5. Lakeland Motor Museum
Just south of the village of Windermere, on the southern tip of the lake, you’ll find the Lakeland Motor Museum.
Whether you’re an automotive enthusiast or just looking for something fun to do for a few hours, this museum should be on your list of Windermere places to visit.
They have a collection of over 30,000 vehicle-related items, including antique and rare cars, like a Bentley 4¼ Litre from 1936 or the British manufactured TVR high end sports cars. There are also Vincent motorbikes and some quirky favorites like Scootacars and Amphicars.
As you tour along, there are short informational videos as well as posted information about each item. In a separate building, you can learn all about Donald and Malcolm Campbell’s attempts to set speed records.
See replicas of their 1935 Bluebird car and 1967 Bluebird K7 boat. For the children, there is a museum quiz that will keep them occupied so Mom and Dad can read all of the signs.
If you’re ready for a bite to eat, Café Ambio is right there and offers a delightful selection of cakes.
6. Fell Foot Park
Foot Fell Park is a 7-hectacre Victorian park on the southern shores of Lake Windermere.
The park was once the stately grounds of a Georgian villa and has had several wealthy owners before being updated and opened to the public. Today, it’s one of the only places in the Lake District that offers free lake access.
There are walking paths shaded by towering oaks and pines, picnic areas and wide open spaces to set those little ones free so they can burn off some energy. Inside of what was once an old, gothic-style boathouse, there’s a small café that serves hot and cold drinks, hot snacks, cakes and ice cream.
One of the most fun things to do in Lake Windermere is to hire a rowboat, kayak or paddle-board at the café and then set out onto the lake for a relaxing afternoon under the Cumbrian sun.
If you get a little wet on the lake, don’t worry. There are newly constructed changing rooms onsite that have secure lockers and showers.
7. Rydal Water
If all the activity on Lake Windermere feels too hectic, take a detour and explore Rydal Water instead. It’s a much smaller lake, 77 acres as compared with Lake Windermere’s whopping 3,640 acres.
It’s north of Lake Windermere and sits at the foot of Loughrigg Fell. When you see its tranquil atmosphere, you’ll understand why it was a favorite place of William Wordsworth, poet and Lake District resident. He owned two houses on its shores — Dove Cottage and Rydal Mount, both of which are interesting things to see in Windermere.
In the mood for a stroll? Take the circular walk around Rydal Water. The path ambles through the woodlands and along the shoreline and only has a few steep areas. There’s a footbridge or two and if you’re lucky, you may even encounter a few grazing sheep along the way.
No matter what you do, Rydal Water makes an ideal spot for a picnic or some bird watching. In keeping with its serene image, boating on the lake is prohibited.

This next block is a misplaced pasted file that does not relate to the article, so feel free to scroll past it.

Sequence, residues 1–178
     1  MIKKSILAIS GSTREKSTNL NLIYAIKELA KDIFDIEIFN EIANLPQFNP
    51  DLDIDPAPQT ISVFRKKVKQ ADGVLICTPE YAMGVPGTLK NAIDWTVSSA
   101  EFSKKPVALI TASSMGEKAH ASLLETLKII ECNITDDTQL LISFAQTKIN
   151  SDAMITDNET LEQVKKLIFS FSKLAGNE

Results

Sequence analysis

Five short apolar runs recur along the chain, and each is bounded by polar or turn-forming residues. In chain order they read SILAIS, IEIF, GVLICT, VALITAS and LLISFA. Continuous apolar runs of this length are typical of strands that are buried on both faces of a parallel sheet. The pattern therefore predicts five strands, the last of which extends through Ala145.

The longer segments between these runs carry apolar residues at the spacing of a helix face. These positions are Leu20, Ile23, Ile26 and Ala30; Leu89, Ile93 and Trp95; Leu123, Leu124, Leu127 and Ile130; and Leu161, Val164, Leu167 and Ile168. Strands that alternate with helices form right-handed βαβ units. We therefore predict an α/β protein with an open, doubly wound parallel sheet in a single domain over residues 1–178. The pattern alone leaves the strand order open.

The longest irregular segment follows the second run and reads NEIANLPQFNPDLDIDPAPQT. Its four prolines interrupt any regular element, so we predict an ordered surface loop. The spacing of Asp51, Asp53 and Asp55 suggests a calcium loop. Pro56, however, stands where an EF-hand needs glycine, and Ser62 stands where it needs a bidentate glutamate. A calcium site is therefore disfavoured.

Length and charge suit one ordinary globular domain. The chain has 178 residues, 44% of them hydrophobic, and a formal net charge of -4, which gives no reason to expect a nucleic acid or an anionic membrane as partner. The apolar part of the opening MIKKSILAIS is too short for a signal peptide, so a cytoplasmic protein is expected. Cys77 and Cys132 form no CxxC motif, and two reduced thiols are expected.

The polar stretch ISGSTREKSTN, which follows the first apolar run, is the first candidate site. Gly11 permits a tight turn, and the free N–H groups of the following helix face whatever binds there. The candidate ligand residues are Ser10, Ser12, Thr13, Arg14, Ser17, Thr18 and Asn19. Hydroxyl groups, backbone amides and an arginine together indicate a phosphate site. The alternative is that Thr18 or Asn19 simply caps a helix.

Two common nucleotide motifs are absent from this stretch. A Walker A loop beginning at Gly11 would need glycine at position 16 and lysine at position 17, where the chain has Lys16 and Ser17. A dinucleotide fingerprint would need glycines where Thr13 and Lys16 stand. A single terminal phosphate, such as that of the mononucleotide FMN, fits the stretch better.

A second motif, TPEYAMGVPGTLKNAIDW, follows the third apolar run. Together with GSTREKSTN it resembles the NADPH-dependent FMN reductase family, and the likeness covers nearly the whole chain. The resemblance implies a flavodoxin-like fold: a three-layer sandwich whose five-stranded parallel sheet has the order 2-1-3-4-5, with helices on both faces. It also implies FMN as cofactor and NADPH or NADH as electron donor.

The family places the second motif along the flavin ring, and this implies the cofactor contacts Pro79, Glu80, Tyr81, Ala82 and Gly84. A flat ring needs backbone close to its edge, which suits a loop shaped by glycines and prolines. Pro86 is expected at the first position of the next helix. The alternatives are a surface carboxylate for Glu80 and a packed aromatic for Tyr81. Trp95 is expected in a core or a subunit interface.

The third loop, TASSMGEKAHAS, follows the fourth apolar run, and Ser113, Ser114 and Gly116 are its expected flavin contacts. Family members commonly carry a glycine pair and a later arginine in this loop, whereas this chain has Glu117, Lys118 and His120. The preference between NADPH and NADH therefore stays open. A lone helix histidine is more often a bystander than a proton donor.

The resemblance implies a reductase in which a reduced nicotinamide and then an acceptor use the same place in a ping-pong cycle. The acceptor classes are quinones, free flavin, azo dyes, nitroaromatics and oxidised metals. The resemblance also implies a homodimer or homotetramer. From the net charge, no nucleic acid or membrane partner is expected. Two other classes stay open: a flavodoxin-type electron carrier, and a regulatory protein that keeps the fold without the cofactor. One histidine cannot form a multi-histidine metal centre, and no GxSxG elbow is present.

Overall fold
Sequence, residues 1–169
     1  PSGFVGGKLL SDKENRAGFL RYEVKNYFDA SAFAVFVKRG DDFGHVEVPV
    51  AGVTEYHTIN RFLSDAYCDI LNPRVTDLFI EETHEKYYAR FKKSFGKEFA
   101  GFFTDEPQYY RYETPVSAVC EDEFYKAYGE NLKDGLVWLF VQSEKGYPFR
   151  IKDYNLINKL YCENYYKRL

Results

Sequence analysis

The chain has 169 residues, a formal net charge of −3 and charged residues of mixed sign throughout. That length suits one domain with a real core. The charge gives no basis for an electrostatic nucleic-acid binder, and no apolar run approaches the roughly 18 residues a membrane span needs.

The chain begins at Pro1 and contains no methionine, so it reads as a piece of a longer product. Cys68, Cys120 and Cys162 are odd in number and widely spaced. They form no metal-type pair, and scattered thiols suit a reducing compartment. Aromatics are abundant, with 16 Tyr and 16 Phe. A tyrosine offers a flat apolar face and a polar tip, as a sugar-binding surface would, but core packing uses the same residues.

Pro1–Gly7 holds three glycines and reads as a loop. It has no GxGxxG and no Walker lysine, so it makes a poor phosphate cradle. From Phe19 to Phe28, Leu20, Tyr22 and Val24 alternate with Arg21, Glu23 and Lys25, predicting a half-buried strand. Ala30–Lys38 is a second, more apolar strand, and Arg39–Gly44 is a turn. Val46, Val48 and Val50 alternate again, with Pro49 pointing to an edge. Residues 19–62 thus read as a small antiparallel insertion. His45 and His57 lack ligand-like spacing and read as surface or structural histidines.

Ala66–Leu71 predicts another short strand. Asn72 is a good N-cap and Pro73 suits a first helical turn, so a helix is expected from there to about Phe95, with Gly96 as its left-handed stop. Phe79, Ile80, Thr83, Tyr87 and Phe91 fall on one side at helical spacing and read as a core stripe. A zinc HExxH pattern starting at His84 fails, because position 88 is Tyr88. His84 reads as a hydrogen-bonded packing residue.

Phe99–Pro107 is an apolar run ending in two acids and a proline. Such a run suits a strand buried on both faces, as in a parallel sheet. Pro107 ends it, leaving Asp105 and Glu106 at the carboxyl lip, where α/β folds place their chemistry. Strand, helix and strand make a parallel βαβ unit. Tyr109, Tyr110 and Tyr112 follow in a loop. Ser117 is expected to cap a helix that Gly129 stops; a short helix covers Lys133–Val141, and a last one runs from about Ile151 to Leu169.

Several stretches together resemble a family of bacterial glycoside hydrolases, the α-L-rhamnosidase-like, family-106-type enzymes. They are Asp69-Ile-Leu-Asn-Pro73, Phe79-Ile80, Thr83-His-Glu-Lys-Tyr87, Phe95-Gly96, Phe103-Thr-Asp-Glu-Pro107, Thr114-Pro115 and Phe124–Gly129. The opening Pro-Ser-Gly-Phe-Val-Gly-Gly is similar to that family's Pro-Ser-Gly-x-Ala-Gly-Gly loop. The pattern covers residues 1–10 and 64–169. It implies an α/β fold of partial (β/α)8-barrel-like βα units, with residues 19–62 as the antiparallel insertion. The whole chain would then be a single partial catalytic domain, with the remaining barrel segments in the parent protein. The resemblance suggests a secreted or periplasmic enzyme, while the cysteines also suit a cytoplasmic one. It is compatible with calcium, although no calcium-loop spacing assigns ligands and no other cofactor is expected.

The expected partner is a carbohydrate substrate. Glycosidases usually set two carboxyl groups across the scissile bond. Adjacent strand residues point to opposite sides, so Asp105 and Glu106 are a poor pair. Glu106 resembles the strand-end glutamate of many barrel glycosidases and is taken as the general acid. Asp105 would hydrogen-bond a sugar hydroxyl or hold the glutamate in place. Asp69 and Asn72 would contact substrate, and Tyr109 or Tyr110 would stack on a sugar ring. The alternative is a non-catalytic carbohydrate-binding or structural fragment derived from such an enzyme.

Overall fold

8. Claife Viewing Station
Welcome to one of the first tourist related attractions in the Lake District. In 1790, the Claife Viewing Station was built on a hillside above Windermere to accommodate a new influx of wealthy tourists.
It was created to resemble an old ruin and had colored windows intended to mimic what the landscape would look like during different seasons. By the 1830s, it had been expanded and became something of a local landmark. Eventually, though, it became less popular and was all but abandoned.
Today its popularity has had a resurgence because of its restoration by the National Trust. It’s a fun place to stop and take in the views that have been so pleasing to tourists from so long ago.
Getting there is easy. All you do is take the ferry from Bowness and follow the West Shore Walk up the shoreline. In addition to the marvelous view, the viewing station has a café and picnic area, so you can make a whole day of your trip.
9. Grizedale Forest
For a day of outdoor exploration and fun, take the family to Grizedale Forest. Between Windermere and Coniston Water, it’s 2,500 hectares of scenic forest that is especially popular for hiking and biking.
There are many footpaths, so when you arrive, it’s best to purchase a map. There are walks available for any skill level and many have lovely views of the countryside. There are also seven biking trails, both cross country and downhill.
Don’t have a bicycle? They have some there available to rent. If you’re looking for adventurous things to do at Windermere, there is zip-lining, Tarzan swings and rope bridges that are suitable for children aged 10 and up.
For the smaller kids, there is an adventure playground and 90 wonderful sculptures made of natural materials that are scattered throughout the forest.
There is a tearoom and gift shop on site as well. If you’re planning on spending the day, make sure you have appropriate, waterproof footwear as some of the trails are gravel and may get slightly waterlogged after a rain shower.